Thursday 10 June 2021
Cliff Gate Road between Hardraw and Thwaite
Yorkshire Dales

At Butter Tubs, over thousands of years, slightly acidic water has eaten away the 325-million-year-old carboniferous limestone rock to create these weird shafts with their distinctive fluted edges. Rainwater seeps into natural cracks (faults and joints) in the rock and over time the cracks have grown into the vertical shafts or potholes we see today. Some of the potholes are up to 24 metres deep and still growing as water continues to trickle into them.

Saturday 17 April 2021
Minor road north-west of Wescoe
Lake District

The trunk of an ancient tree. Look carefully and you’ll see a teddy wearing a green jumper. The road was lined with extremely old trees which appeared to be dead but were still sprouting young branches and twigs.

Saturday 17 April 2021
The Skiddaw mountain range
Lake District

Paragliders on the south-western flanks of the Skiddaw mountain range, about a mile south-east of Little Man. In the background is Keswick and Derwent Water.

Tuesday 6 April 2021
The Moors National Park Centre, Danby Lodge, Danby
North York Moors

A sunny day but windy and cold. Despite it being the beginning of April, I still need a coat and hat. There is a dusting of snow on some of the surrounding North York Moors hills.

Monday 5 April 2021
Muggleswick Park, County Durham
North Pennines

Stony Hill, looking like a moonscape because of the surrounding burnt heather. Managed heather burning normally takes place over the winter and in early spring when there are no birds nesting on the ground and the soil is generally wet.

Sunday 4 April 2021
Muggleswick Park, County Durham
North Pennines

The Three Curricks, with Derwent Reservoir in the background. A currick is a Cumbrian word for what is more commonly known as a cairn, a man-made pile of stones used to guide travellers.

Saturday 3 April 2021
Muggleswick Park, County Durham
North Pennines

The view north-west towards Derwent Reservoir, with the village of Edmundbyers on the left-hand side of the photograph. The reservoir was opened in 1967 and is one of the largest inland waters in England, capable of holding 11,000 million gallons.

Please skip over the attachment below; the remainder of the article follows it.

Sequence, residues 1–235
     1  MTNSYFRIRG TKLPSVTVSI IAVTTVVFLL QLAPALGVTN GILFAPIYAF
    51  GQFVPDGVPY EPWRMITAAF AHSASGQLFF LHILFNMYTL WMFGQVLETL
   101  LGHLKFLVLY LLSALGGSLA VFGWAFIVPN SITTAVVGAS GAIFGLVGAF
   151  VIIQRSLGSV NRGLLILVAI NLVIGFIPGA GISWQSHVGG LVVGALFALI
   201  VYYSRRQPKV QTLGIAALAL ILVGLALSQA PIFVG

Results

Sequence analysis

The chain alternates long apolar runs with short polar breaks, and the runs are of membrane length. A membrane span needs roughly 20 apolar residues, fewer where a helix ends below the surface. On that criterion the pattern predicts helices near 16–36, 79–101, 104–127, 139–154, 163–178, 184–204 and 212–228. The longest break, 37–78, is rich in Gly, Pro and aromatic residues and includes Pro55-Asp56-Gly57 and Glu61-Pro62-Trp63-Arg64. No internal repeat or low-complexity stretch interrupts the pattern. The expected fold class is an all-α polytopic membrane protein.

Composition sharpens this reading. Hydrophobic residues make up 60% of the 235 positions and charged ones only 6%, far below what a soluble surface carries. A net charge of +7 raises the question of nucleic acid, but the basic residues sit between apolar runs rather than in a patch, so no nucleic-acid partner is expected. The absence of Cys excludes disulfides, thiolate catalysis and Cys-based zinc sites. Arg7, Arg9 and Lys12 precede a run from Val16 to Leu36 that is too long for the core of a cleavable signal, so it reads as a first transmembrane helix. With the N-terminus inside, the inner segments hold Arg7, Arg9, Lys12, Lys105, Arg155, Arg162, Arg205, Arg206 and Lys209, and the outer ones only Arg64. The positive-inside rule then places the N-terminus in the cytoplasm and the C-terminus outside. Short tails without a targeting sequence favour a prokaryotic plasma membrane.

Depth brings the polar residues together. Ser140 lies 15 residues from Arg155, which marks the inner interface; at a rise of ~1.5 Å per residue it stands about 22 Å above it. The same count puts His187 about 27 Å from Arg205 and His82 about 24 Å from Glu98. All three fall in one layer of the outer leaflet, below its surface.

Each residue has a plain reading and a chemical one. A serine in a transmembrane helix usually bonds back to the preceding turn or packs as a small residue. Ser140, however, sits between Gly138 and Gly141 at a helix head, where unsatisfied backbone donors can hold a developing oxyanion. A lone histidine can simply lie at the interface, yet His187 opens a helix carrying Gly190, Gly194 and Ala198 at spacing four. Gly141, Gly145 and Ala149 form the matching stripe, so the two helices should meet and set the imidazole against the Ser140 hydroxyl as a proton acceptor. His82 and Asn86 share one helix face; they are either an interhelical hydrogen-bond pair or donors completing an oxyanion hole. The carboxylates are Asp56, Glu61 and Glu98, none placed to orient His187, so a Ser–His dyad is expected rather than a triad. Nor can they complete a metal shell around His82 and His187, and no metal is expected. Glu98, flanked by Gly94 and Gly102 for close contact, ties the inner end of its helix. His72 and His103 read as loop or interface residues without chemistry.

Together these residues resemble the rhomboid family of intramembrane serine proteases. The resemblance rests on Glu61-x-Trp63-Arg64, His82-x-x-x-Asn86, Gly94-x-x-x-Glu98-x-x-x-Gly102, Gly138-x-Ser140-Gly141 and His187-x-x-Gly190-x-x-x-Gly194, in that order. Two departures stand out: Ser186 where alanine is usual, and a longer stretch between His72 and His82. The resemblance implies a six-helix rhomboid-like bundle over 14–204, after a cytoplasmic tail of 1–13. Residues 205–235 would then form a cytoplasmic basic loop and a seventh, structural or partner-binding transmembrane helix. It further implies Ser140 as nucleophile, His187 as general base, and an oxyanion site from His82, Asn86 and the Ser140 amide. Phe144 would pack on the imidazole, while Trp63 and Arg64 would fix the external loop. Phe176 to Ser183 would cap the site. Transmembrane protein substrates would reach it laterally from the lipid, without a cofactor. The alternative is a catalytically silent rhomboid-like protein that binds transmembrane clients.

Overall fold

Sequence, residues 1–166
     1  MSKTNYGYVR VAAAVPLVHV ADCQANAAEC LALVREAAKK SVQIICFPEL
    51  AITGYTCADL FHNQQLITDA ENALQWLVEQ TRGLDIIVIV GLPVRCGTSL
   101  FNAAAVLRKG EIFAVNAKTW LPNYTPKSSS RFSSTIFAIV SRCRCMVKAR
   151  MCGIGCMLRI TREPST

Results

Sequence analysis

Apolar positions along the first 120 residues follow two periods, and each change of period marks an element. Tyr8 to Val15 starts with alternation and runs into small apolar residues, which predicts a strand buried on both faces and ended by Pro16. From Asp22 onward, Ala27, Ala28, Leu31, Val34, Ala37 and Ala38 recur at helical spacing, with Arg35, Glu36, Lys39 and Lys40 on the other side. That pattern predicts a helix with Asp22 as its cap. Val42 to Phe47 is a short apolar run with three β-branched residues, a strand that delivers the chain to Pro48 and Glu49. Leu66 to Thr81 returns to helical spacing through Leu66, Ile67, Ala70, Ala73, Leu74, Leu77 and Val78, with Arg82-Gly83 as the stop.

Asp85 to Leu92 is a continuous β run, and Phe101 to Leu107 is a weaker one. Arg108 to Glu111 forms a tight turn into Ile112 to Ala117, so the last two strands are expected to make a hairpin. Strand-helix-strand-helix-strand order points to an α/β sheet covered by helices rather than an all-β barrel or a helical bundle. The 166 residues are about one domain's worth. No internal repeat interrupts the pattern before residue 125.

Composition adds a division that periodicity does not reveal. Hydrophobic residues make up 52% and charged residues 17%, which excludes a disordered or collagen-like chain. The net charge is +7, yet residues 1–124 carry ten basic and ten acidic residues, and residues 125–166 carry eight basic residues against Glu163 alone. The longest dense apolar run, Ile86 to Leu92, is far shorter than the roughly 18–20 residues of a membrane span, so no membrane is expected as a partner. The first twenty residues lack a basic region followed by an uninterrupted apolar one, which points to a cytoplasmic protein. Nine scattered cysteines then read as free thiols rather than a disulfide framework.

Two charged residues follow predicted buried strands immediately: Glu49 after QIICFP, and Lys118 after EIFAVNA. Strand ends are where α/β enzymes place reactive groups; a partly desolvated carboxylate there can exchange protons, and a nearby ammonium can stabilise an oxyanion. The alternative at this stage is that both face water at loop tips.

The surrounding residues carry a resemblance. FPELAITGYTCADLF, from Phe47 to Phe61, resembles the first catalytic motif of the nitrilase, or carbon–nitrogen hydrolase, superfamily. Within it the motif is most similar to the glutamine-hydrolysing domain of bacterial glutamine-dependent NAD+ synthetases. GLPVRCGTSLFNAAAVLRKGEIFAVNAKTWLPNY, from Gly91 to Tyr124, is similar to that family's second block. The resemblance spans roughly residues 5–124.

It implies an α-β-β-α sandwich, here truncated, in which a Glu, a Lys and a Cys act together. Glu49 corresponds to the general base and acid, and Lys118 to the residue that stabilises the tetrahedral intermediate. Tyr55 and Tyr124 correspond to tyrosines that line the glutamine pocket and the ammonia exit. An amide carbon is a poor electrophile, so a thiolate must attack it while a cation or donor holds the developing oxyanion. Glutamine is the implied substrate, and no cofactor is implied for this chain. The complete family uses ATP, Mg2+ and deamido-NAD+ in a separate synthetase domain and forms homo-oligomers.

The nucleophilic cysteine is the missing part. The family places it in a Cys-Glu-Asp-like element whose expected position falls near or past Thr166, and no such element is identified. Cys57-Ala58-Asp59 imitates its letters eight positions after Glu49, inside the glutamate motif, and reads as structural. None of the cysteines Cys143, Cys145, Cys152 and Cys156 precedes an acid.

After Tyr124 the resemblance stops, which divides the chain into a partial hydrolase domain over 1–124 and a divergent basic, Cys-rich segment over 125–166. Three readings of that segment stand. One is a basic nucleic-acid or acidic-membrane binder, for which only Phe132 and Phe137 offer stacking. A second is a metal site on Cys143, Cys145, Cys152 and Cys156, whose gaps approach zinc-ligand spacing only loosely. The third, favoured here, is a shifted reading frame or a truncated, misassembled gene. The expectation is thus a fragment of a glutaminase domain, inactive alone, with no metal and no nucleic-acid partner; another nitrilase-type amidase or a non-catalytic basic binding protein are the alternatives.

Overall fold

Friday 2 April 2021
Whitehall Moss, County Durham
North Pennines

A lovely S-shaped seating area by the side of the Waskerley Way disused railway line, about a mile east of Smiddy Shaw Reservoir. Waskerley is just visible in the background, on the horizon on the far left of the picture.

Tuesday 30 March 2021
Sleightholme Dale, by the side of Hodge Beck near Penny Holme
North York Moors

Yellow skunk cabbage (Lysichiton americanus). Also known as western skunk cabbage, American skunk-cabbage or swamp lantern, the plant is found in swamps and wet woodlands alongside streams. It is called skunk cabbage because of the distinctive ‘skunky’ smell it emits when it flowers.

Monday 29 March 2021
The Esk Valley Railway between Commondale and Castleton
North York Moors

Steam locomotive 62005 passes by as I sit on a bench enjoying a coffee and taking in the views. LNER K1 62005 was designed by the London and North Eastern Railway, built by the North British Locomotive Company in their Queen’s Park Works, Glasgow, and delivered to the fledgling British Railways in June 1949.

Sunday 28 March 2021
Danby Park between Danby and Castleton
North York Moors

The silvery-white bark of the silver birch makes this tree one of the easiest to put a name to in winter, when there are no leaves to help with the identification process. In older trees the bark is thick and deeply fissured at the base, whilst higher up it is smooth and often develops a pattern of black diamond shapes.

Saturday 27 March 2021
Danby Park between Danby and Castleton
North York Moors

Silver birch (Betula pendula) woodland. Silver birch trees are slender, fast growing and reach a height of about 30 metres, forming a light, airy canopy.

Friday 26 March 2021
Danby Park between Danby and Castleton
North York Moors

Hoof fungus (Fomes fomentarius) growing on the stump of a silver birch tree. Other common names are tinder fungus, false tinder fungus, tinder conk, tinder polypore and ice man fungus. It is shaped like a horse’s hoof and grows mainly on birch trees, which it infects through the broken bark.